• Amy Gordon

Why Hot Peppers?...Part 2

Enjoy the heat! That is what I read recently. Why enjoy the heat? Why would someone want to willingly subject themselves to oral abuse? Is it pleasurable? Addictive? Delicious? All of the above actually! People have been eating peppers for various reasons throughout history. But what is behind the spiciness? I guess this would be the pepper's origin story, so to speak.


Peppers genetically belong to the family Solanaceae. This family also houses tomatoes, potatoes, tobacco and nightshade. The genus Capsicum describes at least 5 domesticated peppers species, more than 20 wild species and varieties of hybrids and cultivars. The most common is Capsicum annuum which includes:

- Ancho/Poblano

- Bell

- Cayenne

- Jalapeno

- Paprika

- Pimiento

- Serrano...And more.




Capsaicin is the dominant compound responsible for the hot and pungent taste of hot peppers. The chemical structure for capsaicin, for the scholarly inclined, is 8-methyl-6-nonanoyl vanillylamide. This is found with other compounds but should not be confused with capsaicin oleoresin, which is commonly used and found in over-the-counter topical pain relief products. I found it interesting (not surprising) that the capsaicin oleoresin or synthetic capsaicin is not reliably neuropeptide-active as natural capsaicin itself (1).




So what does neuropeptide-active mean? Why should I care? Neuropeptides are signaling molecules of the nervous system. They can influence the positive reinforcement centers of the brain. This means that the capsaicin in peppers can create a positive, happy feeling when ingested and creates a desire for you to eat more due to the positive feedback and reinforcement neurons firing. In short, hot peppers and their capsaicin content can be addictive (2)!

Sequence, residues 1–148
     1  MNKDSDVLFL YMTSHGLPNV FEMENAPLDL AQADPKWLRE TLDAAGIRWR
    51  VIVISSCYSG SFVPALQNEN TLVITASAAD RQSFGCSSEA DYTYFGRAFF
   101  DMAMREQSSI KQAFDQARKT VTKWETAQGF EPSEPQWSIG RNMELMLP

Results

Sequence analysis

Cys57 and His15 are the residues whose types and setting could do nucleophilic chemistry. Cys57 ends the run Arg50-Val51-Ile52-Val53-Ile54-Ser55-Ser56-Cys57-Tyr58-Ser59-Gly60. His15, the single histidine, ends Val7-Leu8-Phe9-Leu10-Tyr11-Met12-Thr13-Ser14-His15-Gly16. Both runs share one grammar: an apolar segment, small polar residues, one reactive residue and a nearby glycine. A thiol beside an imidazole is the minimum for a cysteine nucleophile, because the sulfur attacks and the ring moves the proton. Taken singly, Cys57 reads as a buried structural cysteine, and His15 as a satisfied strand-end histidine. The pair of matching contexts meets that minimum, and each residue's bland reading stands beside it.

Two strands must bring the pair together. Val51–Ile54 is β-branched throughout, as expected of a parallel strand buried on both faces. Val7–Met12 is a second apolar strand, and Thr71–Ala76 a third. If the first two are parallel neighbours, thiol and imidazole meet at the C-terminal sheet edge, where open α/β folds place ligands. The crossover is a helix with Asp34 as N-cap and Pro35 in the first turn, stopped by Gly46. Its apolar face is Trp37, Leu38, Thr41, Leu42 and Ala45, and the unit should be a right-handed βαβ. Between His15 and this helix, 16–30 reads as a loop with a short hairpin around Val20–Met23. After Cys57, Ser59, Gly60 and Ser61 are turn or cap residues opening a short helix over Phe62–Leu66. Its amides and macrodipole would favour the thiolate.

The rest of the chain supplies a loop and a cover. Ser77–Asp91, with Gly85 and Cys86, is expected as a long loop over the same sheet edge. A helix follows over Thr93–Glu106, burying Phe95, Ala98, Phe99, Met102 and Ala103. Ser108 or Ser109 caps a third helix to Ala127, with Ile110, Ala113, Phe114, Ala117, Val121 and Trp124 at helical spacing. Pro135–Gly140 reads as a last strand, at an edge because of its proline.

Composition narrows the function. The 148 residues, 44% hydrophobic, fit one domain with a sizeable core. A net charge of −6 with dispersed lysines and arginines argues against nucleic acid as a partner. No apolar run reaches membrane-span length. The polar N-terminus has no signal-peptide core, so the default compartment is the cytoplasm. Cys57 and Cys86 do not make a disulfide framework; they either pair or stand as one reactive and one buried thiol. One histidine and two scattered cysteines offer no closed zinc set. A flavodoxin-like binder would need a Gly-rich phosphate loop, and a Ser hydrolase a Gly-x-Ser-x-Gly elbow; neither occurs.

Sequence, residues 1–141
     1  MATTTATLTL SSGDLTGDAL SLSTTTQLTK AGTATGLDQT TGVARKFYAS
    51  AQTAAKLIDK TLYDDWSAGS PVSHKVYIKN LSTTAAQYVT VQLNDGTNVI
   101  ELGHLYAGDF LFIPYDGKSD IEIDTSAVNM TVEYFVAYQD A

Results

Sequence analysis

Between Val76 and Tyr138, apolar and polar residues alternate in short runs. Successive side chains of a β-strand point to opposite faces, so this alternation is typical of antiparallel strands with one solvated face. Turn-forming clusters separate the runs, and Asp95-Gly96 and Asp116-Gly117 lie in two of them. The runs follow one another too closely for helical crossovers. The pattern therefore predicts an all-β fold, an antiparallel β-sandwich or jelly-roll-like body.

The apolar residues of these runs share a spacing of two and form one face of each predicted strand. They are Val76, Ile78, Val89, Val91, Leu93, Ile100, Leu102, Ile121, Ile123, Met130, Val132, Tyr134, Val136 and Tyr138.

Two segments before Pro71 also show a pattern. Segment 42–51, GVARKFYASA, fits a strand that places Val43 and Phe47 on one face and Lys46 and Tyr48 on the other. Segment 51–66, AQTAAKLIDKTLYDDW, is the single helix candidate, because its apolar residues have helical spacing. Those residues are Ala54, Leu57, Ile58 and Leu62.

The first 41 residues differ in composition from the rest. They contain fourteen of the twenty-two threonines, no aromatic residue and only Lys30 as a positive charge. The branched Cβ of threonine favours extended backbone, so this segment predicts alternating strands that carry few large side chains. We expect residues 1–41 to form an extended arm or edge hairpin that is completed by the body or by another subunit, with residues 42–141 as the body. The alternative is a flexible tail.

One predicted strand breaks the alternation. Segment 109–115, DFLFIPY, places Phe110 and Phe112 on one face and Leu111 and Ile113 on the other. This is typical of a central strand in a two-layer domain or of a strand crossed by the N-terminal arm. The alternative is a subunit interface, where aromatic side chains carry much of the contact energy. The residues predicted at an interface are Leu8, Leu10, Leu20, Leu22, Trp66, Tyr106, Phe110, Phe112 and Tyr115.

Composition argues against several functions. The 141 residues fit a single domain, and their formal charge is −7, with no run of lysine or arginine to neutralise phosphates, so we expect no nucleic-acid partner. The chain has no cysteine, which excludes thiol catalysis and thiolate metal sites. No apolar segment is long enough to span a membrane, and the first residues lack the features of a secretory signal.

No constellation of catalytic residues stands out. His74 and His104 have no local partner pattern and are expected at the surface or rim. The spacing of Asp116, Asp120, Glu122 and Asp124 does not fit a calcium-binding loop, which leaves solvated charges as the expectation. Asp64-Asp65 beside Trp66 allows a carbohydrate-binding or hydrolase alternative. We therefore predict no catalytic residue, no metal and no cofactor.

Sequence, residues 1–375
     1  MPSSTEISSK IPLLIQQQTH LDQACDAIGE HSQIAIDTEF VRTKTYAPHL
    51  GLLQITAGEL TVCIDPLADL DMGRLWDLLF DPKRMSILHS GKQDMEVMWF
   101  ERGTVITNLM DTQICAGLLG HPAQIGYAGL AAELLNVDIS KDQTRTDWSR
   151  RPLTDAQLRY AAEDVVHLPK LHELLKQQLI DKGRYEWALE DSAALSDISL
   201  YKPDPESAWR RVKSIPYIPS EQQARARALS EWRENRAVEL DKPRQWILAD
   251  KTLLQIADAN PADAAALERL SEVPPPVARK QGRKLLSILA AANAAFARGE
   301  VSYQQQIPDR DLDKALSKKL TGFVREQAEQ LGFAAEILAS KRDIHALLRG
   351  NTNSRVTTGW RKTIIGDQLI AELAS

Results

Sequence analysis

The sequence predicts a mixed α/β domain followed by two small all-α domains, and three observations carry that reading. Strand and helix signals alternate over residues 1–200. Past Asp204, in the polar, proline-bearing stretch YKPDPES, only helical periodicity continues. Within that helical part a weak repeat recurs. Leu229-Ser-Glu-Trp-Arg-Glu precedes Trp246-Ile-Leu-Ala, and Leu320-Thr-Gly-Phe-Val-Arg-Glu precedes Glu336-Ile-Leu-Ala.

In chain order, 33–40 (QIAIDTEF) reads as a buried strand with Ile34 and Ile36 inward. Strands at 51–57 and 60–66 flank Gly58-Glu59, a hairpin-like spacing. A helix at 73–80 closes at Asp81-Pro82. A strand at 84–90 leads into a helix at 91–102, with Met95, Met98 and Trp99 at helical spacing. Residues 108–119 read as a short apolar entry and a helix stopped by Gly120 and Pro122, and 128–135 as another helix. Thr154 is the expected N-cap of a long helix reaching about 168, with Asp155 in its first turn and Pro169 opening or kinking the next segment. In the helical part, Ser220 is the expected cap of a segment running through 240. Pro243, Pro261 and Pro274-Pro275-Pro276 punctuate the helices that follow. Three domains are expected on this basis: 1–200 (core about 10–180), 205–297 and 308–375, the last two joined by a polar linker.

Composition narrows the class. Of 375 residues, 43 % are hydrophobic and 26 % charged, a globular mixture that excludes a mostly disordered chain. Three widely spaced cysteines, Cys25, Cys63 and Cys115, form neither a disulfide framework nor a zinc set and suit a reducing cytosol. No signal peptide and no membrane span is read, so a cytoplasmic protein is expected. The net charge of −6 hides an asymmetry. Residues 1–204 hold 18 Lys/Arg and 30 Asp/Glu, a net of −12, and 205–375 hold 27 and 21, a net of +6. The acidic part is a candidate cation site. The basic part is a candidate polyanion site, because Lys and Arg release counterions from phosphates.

Capsaicin has many health benefits, Explore your options, check this out! https://amzn.to/2NloncO


There is some truth to people becoming addicted to eating super hots. I didn't think so at first but the more research that you do and people you talk to you, the more you find out that it isn't so crazy.


Currently there is a lot of research ongoing to see what the extent of our neurons and neuropeptides are involved in the addiction and satisfaction center of our brains. I wouldn't be surprised if we will see new articles coming out about this very topic!


Short post, but it took me a while to get this little bit of information together. Hope you enjoy and keep eating hot peppers. They are good for the body and soul!


Stay Spicy,

Amy


(Due to the amount of information out there and the fact that I am not super versed in neuro biochemistry, I decided not to list specific ligands, proteins or signaling molecules.)


1. Fett, D. D., MD. (2003, January 3). Botanical Briefs: Capsicum Peppers. Close Encounters with the Environment. Retrieved August 11, 2019, from https://mdedge-files-live.s3.us-east-2.amazonaws.com/files/s3fs-public/Document/September-2017/072010021.pdf


2. Tewksbury, Joshua J., et al. “Costs And Benefits Of Capsaicin-Mediated Control Of Gut Retention In Dispersers Of Wild Chilies.” Ecology, vol. 89, no. 1, 1 Jan. 2008, pp. 107–117., doi:10.1890/07-0445.1.

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